This analysis is the first to explore the overall roles of the offsetting attraction and distraction influences of earnings news in shaping the level of attention given to the equity market by market participants.
We use multivariate regression approach and examine how trading activity levels within the set of non-announcing firms varies with respect to collective measures of contemporaneous earnings announcement visibility. We employ attention and information transfer theories in our hypothesis development.
This analysis is the first to explore the overall roles of the offsetting attraction and distraction influences of earnings news in shaping the level of attention given to the equity market by market participants. Specifically, we examine how the number of earnings announcement activity affects investor attention as measured by trading volume given to the set of non-announcing firms. We find that while earnings announcement numbers lower trading volume responses to earnings news among announcing firms (consistent with Hirshleifer et al., 2009), their distractive influence does not carry over into the market as a whole. More importantly, investor attention to both the overall market and the larger subset of non-announcing firms increase in response to earnings news activity levels. However, after decomposing the announcers as same-industry and different-industry announcers, we find that investor attention to the non-announcing segment of the market increases with the number of same-industry announcers, but actually seems to decrease (i.e. they distract attention) with the number of different-industry announcers. We also find that the associated earnings surprise brings attention to non-announcing firms (consistent with earnings news is relevant to overall market price movements). Finally, we find that distraction effects are attenuated in the financial crisis period.
A promising area of future research is to examine the relation between market pricing efficiency and aggregate earnings activity for the set of non-announcing firms. Although it will be a challenging task to measure pricing efficiency for the non-announcers, this will complement the prior literature only focusing on the announcing segment of the market.
First, instead of assessing the impact of number of earnings announcements on the subset of announcing firms, which is a micro-level perspective, we identify the impact of news arrivals on all firms in the market including the vastly larger set of non-announcing firms. Second, by decomposing the number of announcements into industry-related and -unrelated news we show that different types of news arrivals spark investor attention differently, suggesting the importance of categorizing the news into related and unrelated industries.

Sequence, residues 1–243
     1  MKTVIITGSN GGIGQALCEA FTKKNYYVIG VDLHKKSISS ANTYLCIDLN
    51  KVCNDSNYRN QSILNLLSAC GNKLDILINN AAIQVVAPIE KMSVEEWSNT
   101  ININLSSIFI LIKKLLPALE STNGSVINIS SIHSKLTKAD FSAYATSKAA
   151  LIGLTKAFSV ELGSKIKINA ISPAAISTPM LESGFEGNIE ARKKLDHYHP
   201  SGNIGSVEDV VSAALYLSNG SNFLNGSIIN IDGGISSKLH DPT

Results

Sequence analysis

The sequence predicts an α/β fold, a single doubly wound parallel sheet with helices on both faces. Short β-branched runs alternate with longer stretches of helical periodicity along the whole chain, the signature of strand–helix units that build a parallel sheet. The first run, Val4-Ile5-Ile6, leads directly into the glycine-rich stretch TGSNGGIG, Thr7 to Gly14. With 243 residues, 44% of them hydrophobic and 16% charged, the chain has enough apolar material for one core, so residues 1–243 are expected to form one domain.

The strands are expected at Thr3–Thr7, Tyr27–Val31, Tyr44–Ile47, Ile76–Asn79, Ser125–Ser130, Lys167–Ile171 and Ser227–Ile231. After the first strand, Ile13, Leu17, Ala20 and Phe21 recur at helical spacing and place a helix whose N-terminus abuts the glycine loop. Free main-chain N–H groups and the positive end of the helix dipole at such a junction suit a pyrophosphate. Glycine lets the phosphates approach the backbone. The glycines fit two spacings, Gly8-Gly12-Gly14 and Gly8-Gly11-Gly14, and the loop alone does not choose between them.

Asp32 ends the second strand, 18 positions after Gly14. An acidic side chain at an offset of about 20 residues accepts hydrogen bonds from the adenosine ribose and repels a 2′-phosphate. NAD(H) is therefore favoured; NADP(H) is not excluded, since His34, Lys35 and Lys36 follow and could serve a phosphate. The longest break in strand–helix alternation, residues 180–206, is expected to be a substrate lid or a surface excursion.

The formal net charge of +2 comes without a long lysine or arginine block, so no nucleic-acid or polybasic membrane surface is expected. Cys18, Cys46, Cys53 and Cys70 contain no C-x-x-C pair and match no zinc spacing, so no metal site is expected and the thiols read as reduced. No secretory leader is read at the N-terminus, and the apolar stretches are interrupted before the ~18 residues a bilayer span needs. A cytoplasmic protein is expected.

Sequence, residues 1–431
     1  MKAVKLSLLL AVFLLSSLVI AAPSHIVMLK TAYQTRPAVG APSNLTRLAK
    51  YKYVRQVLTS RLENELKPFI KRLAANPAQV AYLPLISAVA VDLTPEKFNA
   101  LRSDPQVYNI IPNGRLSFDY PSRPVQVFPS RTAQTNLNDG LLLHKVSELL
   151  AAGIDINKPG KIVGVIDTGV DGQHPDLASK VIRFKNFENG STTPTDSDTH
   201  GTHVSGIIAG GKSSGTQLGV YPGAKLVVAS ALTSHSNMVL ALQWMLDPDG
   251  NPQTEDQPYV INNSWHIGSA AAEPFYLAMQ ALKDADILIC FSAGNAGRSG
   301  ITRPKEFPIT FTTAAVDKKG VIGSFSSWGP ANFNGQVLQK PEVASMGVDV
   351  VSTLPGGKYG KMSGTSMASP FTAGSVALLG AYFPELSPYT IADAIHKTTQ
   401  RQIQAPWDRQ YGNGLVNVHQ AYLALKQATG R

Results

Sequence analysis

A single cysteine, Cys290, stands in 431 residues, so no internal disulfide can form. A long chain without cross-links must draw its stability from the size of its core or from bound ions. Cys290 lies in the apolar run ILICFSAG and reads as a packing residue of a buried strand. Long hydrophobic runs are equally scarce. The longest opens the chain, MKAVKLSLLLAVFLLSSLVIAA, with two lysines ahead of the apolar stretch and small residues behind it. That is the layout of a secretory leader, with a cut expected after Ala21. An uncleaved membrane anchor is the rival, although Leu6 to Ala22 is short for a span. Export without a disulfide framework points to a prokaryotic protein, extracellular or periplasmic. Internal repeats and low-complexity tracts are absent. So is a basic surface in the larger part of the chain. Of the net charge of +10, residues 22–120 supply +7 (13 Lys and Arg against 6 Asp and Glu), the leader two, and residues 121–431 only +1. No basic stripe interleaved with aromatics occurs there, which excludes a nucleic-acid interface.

A potential future area of research identified by our analysis is to investigate what type of investors' attention is distracted or attracted during the earnings announcements. A promising area of future research is to examine the relation between market pricing efficiency and aggregate earnings activity for the set of non-announcing firms.
This paper is the first one exploring the overall roles of the offsetting attraction and distraction influences of earnings announcements in shaping the level of investor attention given to the equity market by market participants. Our findings should be of interest to investors, analysts, security market regulators and researchers.
We gratefully acknowledge valuable comments from Linda Bamber, Ashiq Ali, Suresh Radhakrishnan, Musa Subasi, Umit Gurun and seminar participants at the University of Texas at Dallas, University of Richmond, 2015 European Accounting Association Annual Congress, 2015 Journal of Law, Finance, and Accounting (JLFA) International Conference Hong Kong Polytechnic University, 2014 Virginia Accounting Conference, 2014 AAA Concurrent Sessions, 2014 Economics, Finance and Business Workshop at the Carnegie Mellon University and 2014 AAA SW Concurrent Sessions.Funding: The authors received no financial support for the research, authorship, and/or publication of this article.Declaration of conflicting interests: The authors declared no potential conflicts of interest with respect to the research, authorship, and/ or publication of this article.
CitationDownload as .RIS
Emerald Publishing Limited
Copyright © 2020, Emerald Publishing Limited